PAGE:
So, for the sake of a theoretical definition of the difference between religion (dogma) and spirituality (dharma), let us say that religion contains both certain universally accepted truths as well as many irrational dogmas, while spirituality soars beyond and above these irrational limitations, it contains truth, beyond words, truth which can only be approximated by poetry, dance, song, truth in its most unblemished and sacred form.

Another way of making this distinction is to say that religion, with its emphasis on external rituals, is exoteric, and that spirituality, with its emphasis on sacred, meditative practice, is esoteric. In conclusion, spirituality, not religion, is the only power that is universal, sublime, and silent enough to truly unite human society.

 


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About Ramesh Bjonnes

Ramesh Bjonnes is the co-founder of the Prama Institute, a holistic retreat center in the Blue Ridge Mountains of North Carolina and the Director of the Prama Wellness Center, a retreat center specializing in detox by incorporating juice fasting, ayurveda, meditation and yoga to cleanse, relax and rejuvenate. Bjonnes is also a writer, yogi and workshop leader. He lived in India and Nepal in the 1980s learning directly from the traditional teachers of yoga and Tantra. He has taught workshops in many countries and is the author of Sacred Body, Sacred Spirit (InnerWorld) and Tantra: The Yoga of Love and Awakening (Hay House India). He lives and practices in an eco-village in the Blue Ridge Mountains of North Carolina.

Comments

71 Responses to “Religion, Dharma, Yoga, Science, Spirituality. What’s the difference?”

  1. Ramesh says:

    There are no winners and losers here, Julian…both Tim and Thaddeus had valid points and I enjoyed this exchange very much.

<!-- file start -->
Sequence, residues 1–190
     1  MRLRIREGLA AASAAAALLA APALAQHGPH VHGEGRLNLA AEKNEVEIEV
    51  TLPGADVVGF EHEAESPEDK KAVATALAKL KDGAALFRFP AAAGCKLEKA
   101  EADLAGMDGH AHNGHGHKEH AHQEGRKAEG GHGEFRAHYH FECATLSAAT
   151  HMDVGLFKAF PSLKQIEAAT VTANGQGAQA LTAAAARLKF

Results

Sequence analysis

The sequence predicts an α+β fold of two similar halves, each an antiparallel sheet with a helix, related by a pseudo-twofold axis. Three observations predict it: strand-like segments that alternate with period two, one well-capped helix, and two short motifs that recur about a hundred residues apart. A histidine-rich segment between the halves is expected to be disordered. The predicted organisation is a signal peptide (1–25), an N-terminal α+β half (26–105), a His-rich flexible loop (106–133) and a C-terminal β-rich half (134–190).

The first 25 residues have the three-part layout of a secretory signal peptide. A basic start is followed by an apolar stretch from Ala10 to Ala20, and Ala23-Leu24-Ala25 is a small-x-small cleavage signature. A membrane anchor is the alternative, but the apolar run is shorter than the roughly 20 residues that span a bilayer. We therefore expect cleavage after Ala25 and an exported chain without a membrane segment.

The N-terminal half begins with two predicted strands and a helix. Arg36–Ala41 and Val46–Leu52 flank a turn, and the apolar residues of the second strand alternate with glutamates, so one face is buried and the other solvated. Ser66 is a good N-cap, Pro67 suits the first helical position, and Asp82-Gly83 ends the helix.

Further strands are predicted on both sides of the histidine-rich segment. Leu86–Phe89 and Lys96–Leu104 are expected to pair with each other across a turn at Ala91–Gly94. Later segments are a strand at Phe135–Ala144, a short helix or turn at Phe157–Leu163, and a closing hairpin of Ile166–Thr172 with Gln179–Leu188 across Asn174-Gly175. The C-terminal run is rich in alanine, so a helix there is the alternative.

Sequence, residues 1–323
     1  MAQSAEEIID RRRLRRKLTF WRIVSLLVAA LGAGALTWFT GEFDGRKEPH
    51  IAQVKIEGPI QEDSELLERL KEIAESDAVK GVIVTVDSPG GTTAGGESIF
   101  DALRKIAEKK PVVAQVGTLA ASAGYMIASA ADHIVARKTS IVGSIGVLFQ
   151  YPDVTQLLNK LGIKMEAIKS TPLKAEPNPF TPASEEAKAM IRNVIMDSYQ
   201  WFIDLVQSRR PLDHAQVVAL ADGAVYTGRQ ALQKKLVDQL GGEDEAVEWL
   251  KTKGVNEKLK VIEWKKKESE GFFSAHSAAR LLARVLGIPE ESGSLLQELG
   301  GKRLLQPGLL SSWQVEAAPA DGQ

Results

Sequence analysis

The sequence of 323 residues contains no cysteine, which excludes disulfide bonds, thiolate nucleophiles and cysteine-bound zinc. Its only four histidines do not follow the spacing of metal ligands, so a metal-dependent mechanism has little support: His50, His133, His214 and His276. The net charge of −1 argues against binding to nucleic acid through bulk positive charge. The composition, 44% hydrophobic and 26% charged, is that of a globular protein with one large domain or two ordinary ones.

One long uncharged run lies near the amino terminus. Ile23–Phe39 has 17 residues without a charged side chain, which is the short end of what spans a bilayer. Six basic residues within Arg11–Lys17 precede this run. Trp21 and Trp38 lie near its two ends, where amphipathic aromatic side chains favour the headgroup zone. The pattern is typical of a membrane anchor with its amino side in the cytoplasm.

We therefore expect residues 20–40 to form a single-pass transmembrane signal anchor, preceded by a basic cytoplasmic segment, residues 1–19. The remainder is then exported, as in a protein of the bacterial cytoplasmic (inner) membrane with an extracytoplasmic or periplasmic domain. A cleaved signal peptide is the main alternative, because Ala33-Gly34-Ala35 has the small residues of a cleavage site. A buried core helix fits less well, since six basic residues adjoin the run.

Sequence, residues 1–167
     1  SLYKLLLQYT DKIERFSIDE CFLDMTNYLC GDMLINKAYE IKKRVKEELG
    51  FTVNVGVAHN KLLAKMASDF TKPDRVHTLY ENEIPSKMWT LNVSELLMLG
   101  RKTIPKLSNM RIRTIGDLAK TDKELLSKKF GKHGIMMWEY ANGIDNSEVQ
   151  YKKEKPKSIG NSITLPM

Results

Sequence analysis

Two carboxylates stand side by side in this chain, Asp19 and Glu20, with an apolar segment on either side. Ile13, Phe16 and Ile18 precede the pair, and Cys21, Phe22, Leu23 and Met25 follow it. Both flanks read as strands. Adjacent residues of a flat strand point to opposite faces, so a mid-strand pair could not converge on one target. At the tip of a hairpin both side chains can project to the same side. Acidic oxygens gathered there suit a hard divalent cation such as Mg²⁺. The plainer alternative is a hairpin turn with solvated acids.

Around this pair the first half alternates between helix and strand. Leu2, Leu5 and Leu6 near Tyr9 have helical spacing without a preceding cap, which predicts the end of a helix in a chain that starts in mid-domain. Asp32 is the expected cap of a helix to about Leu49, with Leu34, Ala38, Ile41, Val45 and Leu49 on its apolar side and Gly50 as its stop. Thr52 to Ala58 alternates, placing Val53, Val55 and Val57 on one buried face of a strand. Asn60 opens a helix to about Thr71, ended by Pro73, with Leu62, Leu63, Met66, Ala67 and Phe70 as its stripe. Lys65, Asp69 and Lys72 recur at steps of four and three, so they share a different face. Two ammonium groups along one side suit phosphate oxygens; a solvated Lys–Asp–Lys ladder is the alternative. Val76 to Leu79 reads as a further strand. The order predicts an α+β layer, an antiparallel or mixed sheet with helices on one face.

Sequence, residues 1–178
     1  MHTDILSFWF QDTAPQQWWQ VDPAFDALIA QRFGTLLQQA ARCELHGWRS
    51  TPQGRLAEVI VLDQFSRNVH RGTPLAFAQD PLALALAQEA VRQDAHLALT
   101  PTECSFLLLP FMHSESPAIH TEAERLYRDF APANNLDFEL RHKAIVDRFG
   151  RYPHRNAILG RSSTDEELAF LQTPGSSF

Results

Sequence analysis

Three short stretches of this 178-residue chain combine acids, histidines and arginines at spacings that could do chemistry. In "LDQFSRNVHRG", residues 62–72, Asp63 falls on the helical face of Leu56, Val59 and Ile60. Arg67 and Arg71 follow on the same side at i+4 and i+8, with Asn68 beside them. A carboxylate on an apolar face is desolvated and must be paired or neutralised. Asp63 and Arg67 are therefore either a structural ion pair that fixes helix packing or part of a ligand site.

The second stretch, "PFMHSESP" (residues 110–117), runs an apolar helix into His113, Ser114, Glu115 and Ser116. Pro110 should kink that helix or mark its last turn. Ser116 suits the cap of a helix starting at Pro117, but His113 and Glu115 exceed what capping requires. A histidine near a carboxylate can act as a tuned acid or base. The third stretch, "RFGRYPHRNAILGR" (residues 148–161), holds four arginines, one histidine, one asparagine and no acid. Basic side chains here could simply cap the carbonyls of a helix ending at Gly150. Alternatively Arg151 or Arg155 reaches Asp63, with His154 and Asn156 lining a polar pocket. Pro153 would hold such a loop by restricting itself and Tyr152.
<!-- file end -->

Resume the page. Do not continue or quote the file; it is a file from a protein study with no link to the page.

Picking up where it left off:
2. yogijulian says:

    ramesh big hats off to you my friend – you are taking fire from all sides!

    the true believers who want to believe myths are literal, the postmodernists who deny the difference between metaphor and reality on intellectual grounds, the rational scientists who think you are still playing to much to the previous two groups! hahahaha…

    and you manage all this with aplomb and diplomacy.

    have a good rest of your sunday.

  3. yogijulian says:

    the image of the tennis ball is equally physical and non-physical in the TV example as in the brain example.

    as an image it is an abstract representation, not the actual thing.

    on the TV screen, as you point out, this image is achieved by using say liquid crystals to create the shape, color etc of a tennis ball that our minds recognize. the image is not physically real on the one hand, because it is an illusion – as magritte would say: c'est ne pas un pipe – right?

    but on the other hand it still has a physical basis, even as an image, because it is generated by those liquid crystals and other material technology.

    by the same exact relationships, the tennis ball in our minds is both physically real and not physically real….

    it is not physically real because it is merely an image in the mind, an abstract symbol representing something real or possible in the material world.

    it is physically real because in this case it is created by the neuronal and neurochemical activity (just as with the liquid crystals) in the brain.

    the "screen" of the TV here would be our interior awareness, and most likely there is some interaction between our imaginative centers and out visual centers that coalesce to allow the experience of the image.

    i make the analogy because in both cases there is no literal tennis ball – but an imaginary one made possible by the activity of a material network.

    in both cases we could be stumped by the question – where is the tennis ball!?

    but in the case of the TV we don't feel temptation to posit something other than the material circuitry bringing forth the image – because we know that is what TVs do!